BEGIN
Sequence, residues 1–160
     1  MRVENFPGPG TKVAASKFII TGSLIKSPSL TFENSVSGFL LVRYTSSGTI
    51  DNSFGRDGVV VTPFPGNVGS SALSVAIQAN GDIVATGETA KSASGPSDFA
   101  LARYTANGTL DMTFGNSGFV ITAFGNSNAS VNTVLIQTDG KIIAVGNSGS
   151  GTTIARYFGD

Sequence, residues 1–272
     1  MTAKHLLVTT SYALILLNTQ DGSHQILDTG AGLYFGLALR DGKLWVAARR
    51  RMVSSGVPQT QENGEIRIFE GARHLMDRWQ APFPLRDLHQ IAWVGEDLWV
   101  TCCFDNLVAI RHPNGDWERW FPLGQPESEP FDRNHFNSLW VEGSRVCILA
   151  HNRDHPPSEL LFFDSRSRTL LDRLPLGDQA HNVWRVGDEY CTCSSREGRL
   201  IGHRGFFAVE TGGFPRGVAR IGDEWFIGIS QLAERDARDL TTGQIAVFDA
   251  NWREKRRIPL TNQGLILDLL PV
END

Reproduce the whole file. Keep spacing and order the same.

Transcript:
Sequence, residues 1–160
     1  MRVENFPGPG TKVAASKFII TGSLIKSPSL TFENSVSGFL LVRYTSSGTI
    51  DNSFGRDGVV VTPFPGNVGS SALSVAIQAN GDIVATGETA KSASGPSDFA
   101  LARYTANGTL DMTFGNSGFV ITAFGNSNAS VNTVLIQTDG KIIAVGNSGS
   151  GTTIARYFGD

Sequence, residues 1–272
     1  MTAKHLLVTT SYALILLNTQ DGSHQILDTG AGLYFGLALR DGKLWVAARR
    51  RMVSSGVPQT QENGEIRIFE GARHLMDRWQ APFPLRDLHQ IAWVGEDLWV
   101  TCCFDNLVAI RHPNGDWERW FPLGQPESEP FDRNHFNSLW VEGSRVCILA
   151  HNRDHPPSEL LFFDSRSRTL LDRLPLGDQA HNVWRVGDEY CTCSSREGRL
   201  IGHRGFFAVE TGGFPRGVAR IGDEWFIGIS QLAERDARDL TTGQIAVFDA
   251  NWREKRRIPL TNQGLILDLL PV